About this Research Topic
Recent striking results provide compelling evidence that membrane traffic and mRNA transport are interconnected processes, which share common pathways and can be affected by the same extracellular signals and mediated by common factors. Furthermore, it is becoming increasingly apparent that multiple mRNAs coding for proteins that operate in the same cellular process can be transported together in large granules in a molecular motor-dependent fashion along cytoskeletal tracks, allowing coordinated translation at specific sites. Furthermore, mRNA-binding proteins function as key regulators of local translation; protein-protein, protein-lipid as well as mRNA-protein interactions change due to post-translational modifications in a response to signaling events.
Co-transport of vesicles or organelles with mRNA provides a means to coordinate several processes in space and time, particularly in polarized cells. However, little is known about the regulation of this coordinated transport and the subsequent translation of the transported mRNAs. It appears that although some of the players of these processes have been pinpointed, many more are still to be identified. Furthermore, how these players may regulate translation of specific mRNAs is largely unknown. Since many neurodegenerative disorders turn out to be intimately linked to malfunctioning of these processes, it is timely and interesting to learn more about this emerging link between mRNA transport processes and the dynamics of vesicle and organelles.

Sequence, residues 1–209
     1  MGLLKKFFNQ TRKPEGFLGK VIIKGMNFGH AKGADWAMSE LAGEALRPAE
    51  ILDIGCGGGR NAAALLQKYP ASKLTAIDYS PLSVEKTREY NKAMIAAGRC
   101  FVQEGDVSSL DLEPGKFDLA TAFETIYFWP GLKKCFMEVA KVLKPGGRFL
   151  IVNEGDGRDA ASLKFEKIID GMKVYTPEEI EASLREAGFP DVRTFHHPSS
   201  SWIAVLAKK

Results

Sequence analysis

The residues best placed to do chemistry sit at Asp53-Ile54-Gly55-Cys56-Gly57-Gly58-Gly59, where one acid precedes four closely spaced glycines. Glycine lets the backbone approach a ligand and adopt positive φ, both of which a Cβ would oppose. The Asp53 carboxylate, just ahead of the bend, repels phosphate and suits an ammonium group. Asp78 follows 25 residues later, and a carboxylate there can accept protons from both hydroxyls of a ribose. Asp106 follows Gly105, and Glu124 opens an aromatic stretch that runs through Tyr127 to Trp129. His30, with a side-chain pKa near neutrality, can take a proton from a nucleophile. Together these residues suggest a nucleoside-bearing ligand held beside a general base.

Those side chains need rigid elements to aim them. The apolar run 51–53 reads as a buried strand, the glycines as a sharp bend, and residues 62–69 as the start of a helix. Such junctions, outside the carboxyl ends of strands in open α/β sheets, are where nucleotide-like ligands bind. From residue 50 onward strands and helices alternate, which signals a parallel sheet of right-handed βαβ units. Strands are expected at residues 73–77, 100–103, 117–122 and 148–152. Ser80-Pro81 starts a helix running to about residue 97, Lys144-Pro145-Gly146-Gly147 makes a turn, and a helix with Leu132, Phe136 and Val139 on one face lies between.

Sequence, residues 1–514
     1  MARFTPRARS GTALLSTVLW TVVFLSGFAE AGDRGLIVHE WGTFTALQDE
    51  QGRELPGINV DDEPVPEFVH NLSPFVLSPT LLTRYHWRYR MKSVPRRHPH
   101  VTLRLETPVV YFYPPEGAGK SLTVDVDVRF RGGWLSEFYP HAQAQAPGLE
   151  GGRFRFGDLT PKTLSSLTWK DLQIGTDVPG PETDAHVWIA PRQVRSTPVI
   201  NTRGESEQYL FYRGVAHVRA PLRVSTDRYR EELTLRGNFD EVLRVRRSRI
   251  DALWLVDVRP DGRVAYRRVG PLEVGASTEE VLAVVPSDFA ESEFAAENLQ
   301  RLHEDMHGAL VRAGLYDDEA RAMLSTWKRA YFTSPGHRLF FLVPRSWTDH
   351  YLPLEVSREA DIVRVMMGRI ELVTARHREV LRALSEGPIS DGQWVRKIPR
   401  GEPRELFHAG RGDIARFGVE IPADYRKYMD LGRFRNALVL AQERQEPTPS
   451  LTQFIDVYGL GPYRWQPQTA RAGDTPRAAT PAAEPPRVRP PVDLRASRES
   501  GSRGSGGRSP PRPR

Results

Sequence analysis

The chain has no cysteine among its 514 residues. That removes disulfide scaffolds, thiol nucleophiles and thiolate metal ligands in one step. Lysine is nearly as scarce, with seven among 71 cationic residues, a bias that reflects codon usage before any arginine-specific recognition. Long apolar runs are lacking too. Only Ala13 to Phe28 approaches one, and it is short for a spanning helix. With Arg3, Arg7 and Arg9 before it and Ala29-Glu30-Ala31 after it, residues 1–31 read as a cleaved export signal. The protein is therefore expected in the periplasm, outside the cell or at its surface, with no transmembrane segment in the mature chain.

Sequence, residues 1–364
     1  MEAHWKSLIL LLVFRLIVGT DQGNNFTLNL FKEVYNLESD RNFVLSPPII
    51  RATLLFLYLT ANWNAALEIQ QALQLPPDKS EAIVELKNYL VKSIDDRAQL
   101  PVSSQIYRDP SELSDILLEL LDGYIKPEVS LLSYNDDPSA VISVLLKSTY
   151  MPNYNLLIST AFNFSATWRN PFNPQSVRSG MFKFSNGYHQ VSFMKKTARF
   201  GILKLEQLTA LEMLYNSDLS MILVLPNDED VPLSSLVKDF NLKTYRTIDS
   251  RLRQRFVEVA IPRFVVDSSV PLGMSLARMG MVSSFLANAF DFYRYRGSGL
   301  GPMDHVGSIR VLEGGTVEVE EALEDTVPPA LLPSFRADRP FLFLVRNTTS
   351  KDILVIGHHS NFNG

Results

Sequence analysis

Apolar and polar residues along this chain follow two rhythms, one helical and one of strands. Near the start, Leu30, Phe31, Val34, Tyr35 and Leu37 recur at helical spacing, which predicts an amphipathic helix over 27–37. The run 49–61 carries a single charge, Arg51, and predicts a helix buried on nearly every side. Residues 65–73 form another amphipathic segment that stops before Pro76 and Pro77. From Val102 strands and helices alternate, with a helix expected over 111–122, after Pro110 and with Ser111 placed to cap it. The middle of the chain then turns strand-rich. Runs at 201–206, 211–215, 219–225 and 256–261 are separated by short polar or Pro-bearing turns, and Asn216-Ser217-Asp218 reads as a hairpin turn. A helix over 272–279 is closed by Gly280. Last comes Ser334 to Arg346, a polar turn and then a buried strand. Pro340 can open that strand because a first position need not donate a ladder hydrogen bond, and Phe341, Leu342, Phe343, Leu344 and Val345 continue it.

This Research Topic welcomes Review and Original Research articles aiming to address the following points:
• How is vesicle/organelle-mRNA co-transport coordinated and regulated?
• What are the players involved in vesicle/organelle-mRNA transport and/or translation?
• How is vesicle and organelle trafficking coordinated with mRNA transport and/or translation?
• What are the most important new concepts to cell biology in this context?
• What are the cell type-specific functions, for instance in neurons and other polarized cells compared to non-polarized cells?
• How does malfunctioning in the above processes contribute to pathological conditions such as neurodegenerative disorders?
Important Note: All contributions to this Research Topic must be within the scope of the section and journal to which they are submitted, as defined in their mission statements. Frontiers reserves the right to guide an out-of-scope manuscript to a more suitable section or journal at any stage of peer review.